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Enemy fire, sensing the beginning of the assault, replied immediately. A mortar shell exploded in the command group of the lead company, wounding the 1st Sergeant and the Company Commander. The Sergeant was evacuated, but the Company Commander, only slightly wounded, remained to direct the attack.

It was necessary for our troops to cross an open area about 125 yards wide before penetration of the enemy fortifications could begin. The Germans reacted vigorously, bringing cross fire to bear on the assaulting platoons from several machine guns. Dead and wounded marked the route of advance. By the time the first terrace had been taken the loss of leaders and the deadly intensity of the defender's fire had caused a complete dissolution of the assault formation. Before the shattered unit could be reorganized, one of our tanks rounded the curve above the terrace and the platoons were again ordered forward in an attempt to enter the embattled village with the armor. Just as the elements of one of our platoons entered the edge of San Pietro, the supporting tank, caught squarely by enemy fire, lurched from the road and crashed to the slope, enveloped helplessly in dust.

The lines of our men broke; the fire of their guns slowed. Some wavered and some fell back. The ground seemed to rise and settle with the violence of the explosions. A pall of smoke and dust gathered over the contested area and reduced visibility. In between the noise of the bursting shells could be heard the liquid crack of enemy weapons and our duller sounding guns. Ears ached from the concussion and the pungent odor of exploding shells filled the vibrating air.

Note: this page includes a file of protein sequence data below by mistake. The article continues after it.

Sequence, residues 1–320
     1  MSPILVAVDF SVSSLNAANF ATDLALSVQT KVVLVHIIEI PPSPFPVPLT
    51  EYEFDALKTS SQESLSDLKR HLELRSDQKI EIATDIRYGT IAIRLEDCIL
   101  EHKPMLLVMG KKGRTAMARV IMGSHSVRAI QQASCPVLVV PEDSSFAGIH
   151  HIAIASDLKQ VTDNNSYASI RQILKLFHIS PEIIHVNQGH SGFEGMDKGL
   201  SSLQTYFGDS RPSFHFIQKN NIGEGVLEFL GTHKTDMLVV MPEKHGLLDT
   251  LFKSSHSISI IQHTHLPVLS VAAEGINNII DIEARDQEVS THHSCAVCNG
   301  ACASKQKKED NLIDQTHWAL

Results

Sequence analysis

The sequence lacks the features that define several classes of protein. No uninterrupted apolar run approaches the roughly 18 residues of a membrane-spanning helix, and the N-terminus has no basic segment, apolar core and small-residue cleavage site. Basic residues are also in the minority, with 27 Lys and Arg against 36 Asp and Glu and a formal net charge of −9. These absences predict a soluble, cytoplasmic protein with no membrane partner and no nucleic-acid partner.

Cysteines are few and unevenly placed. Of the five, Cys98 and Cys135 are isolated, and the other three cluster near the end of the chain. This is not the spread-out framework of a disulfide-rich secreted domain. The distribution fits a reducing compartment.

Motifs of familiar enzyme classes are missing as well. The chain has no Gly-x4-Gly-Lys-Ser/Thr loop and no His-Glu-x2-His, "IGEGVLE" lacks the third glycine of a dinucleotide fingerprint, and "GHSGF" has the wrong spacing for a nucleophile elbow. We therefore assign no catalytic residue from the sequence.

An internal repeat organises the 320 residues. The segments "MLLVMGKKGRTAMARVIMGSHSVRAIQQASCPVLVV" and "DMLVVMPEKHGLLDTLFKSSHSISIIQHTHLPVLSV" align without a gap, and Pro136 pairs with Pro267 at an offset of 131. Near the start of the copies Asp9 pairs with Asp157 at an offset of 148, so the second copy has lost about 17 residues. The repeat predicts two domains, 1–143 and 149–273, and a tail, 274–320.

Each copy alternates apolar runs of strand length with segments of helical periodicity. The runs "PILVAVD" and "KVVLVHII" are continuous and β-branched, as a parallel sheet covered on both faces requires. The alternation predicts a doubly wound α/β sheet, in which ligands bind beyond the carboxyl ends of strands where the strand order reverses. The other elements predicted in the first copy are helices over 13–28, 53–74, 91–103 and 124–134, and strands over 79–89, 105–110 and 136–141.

Cassino - San Pietro Area

Cassino - San Pietro Area

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Runners returning to the rear were killed or wounded and displacement of machine guns was delayed. An enemy artillery shell hit the G Company command group, seriously wounding the radio operator, the weapons leader and the Company Commander. Attempts were made to call the Battalion Commander by radio in order to report the situation and ask for artillery support. The radio had been impaired and the attempt failed. The wounded leaders attempted to reorganize the company to continue the attack. Company F was ordered to attack without delay in an attempt to relieve Company G, whose Company Commander, unable to effect reorganization in the face of relentless fire, was evacuated. Almost immediately, the Commander of Company F was killed by rifle fire.

Company F, assaulting directly into the blazing guns of the enemy, unmindful of the rising cost in dead and wounded, was able to reach the outer defenses. Concentration. after concentration of enemy mortar fire was directed into the area. The lines became intermixed and our formations dissolved in the confusion of battle. Lack of communication made it impossible to continue the attack. Fighting individually and in groups of two or three, the men held desperately to their ground.

At 1730 hours, Company E, with a partly reorganized Company F, attempted to advance up the terraced slopes. What remained of Company G stayed in position. This advance was again repulsed by the enemy. At 2000 hours, the battalion was directed to reorganize and continue the attack under cover of darkness. At this time Companies E, F and G did not have enough men left to constitute one rifle company. Thirty-four men were left out of the company which had led the initial assault.